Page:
What’s up with this fenced-in yard requirement?

Oh, gives me a home ... where I can roamz ... and you'll never see me again.
Oh, gives me a home … where I can roamz … and you’ll never see me again.

Lately, we have had some concerns and questions about our policy on applicants having fenced-in yards, so we thought we would address that and make it quite clear that we have nothing personal against anyone who does not have a home without a fence.

We know that Jack Russells have roamed farms/ranches and worked with horses for years. It’s their history and their nature. Of course, most of these Jacks were raised from babies and trained to stay close. Our Terriers? Nope, not so much. In fact, most of them are at rescue because they ran off in the first place.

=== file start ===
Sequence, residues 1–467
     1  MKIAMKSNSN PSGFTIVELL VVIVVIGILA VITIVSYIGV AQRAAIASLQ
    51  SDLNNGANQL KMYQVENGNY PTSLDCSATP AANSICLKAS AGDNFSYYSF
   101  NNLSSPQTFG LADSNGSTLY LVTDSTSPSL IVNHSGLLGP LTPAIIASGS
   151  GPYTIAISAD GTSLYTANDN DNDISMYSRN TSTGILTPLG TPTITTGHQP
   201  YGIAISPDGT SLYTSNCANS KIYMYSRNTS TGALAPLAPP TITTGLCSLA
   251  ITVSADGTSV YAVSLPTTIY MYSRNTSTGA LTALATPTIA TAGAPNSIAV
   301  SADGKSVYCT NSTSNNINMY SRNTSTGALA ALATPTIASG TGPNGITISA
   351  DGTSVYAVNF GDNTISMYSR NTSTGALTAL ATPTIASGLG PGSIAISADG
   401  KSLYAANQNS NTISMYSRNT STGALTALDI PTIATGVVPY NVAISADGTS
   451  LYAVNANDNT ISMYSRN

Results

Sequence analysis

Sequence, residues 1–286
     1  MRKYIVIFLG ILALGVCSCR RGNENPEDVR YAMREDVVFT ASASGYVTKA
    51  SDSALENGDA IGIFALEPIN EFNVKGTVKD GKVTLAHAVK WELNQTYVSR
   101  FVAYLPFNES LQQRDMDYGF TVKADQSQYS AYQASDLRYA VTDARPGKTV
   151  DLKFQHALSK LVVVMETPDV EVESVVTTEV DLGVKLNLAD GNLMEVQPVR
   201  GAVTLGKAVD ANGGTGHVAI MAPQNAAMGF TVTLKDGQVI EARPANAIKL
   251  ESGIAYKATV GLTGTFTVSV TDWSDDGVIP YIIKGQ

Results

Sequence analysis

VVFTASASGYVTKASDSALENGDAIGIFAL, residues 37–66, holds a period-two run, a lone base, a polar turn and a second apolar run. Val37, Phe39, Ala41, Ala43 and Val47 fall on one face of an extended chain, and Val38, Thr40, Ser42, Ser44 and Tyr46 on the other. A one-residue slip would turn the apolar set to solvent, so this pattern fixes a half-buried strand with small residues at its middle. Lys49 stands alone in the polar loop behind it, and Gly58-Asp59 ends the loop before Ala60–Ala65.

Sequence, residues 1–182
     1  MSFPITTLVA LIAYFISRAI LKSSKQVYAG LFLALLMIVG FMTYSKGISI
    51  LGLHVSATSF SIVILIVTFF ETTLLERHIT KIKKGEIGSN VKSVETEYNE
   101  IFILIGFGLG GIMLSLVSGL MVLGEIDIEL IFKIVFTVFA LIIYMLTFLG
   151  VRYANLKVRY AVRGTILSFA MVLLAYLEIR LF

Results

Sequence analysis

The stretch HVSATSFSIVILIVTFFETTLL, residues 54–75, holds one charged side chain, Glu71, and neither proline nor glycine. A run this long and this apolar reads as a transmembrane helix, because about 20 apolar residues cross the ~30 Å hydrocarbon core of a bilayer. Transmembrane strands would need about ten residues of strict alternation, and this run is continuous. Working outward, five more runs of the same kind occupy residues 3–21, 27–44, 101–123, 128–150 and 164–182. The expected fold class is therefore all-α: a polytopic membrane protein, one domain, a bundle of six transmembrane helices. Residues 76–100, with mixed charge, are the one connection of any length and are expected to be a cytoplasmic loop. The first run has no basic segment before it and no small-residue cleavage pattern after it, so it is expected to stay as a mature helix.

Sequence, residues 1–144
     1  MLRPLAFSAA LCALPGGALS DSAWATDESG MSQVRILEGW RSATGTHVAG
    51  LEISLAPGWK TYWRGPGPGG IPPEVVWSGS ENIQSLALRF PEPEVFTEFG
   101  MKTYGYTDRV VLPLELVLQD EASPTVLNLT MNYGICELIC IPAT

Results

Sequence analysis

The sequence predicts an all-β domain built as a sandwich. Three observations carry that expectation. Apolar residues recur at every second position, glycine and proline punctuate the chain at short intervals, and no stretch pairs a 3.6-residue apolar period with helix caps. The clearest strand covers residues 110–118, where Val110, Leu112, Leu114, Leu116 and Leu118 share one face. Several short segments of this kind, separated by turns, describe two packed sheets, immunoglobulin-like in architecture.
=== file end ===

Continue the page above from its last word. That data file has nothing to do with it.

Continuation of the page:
In keeping with the “free-spirited nature” of the JRT, we have, in the past, adopted dogs to folks with fenceless acreages for our dogs to roam … and roam they did … in front of speeding cars, into snake dens and upon a pack of coyotes, just to name a few instances. Even our little Eli roamed for a week, which Donna and Jimmy took off from work to help find him. (Thank goodness they did!) Suffice it to say, our success rate with this “farm dog” allowance has taken the lives of some wonderful dogs we fought very hard to save and loved with all our hearts. We are once bitten, twice shy.